JRC Living Lab for Future Urban Ecosystems - Future Mobility Solutions
Living Labs present an opportunity to deploy the open innovation paradigm in a transparent, flexible and multi-stakeholder way. They can be defined as a R&D concept, a user-centric methodology for prototyping and validating innovations in complex, real-life environments. They enable co-creation to deliver optimal solutions to citizens focused challenges. Often, they are deployed in a territorial context, city (or part of) or region. Living Labs are based on the quadruple-helix approach to innovation, with a particular focus on civil society engagement. They can be user-oriented, user-integrating and sustainability services (Sustainable Development Goals, SDG) oriented. They combine open innovation and user engagement processes, making it possible for new solutions to be developed. They offer tools to local, regional, and national authorities to help them develop and validate solutions to significant societal challenges.
It is crucial to engage the public and all stakeholders if the European Green Deal is to succeed in reaching climate neutrality by 2050.
With its strategic position at the interface between policy making and academia, its open policy and its unique infrastructures, the JRC can act as an optimal living lab to support the conceptualization and development of future urban ecosystems. The creation of a Living Lab at the JRC Ispra and Petten site will enhance its input to EU policy-making, particularly in the areas of transport and energy, with the insights gained from field tests and demonstration activities.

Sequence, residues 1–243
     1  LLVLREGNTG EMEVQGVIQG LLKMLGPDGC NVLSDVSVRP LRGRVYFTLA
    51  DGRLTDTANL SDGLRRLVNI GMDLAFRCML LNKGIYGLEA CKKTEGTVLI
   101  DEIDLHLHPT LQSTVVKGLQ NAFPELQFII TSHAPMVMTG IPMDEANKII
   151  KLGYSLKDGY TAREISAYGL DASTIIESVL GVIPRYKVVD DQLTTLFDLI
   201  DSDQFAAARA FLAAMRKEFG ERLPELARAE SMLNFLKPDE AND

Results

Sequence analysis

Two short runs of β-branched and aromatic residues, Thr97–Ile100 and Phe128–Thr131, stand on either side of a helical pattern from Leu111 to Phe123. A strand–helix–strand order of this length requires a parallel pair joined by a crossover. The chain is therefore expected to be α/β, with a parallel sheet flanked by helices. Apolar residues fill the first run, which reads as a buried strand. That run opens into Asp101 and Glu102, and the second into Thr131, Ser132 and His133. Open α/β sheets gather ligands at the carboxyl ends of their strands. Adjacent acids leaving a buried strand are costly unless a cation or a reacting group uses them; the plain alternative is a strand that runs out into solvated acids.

A JRC living lab can test the effectiveness and implications of innovative solutions in the mobility sector as well as in other sectors (e.g. energy, water, waste management, security etc.).
It can also support European start-ups and SMEs testing new smart-city technologies in a safe, controlled and real environment, using these experiments to create new narratives and stimulating broader discussion on the role of the new solutions to shape the future of cities and the urban landscape. Furthermore, it can network with other Living Labs by sharing test data and results (if not protected), addressing issues of common concern (e.g. related to privacy) and leveraging the potential for uptake, thanks to a wider community.
The aforementioned actions will develop the JRC's profile as a Living Lab for new smart city technologies, service models and participatory approaches, as a showcase for city mayors, local and regional authorities and the citizens at large. JRC can also address the current limitations of existing living labs and bring the concept much closer to the policy, academic and industrial realms, contributing to turning it into a real tool in the future policy making process.
The JRC FMS-Lab applies stakehoder and Citizen Engagement methodologies such as focus groups, surveys, interviews, material deliberation methods, etc. as well as experimental methods like laboratory testing, field tests, VR testing, etc.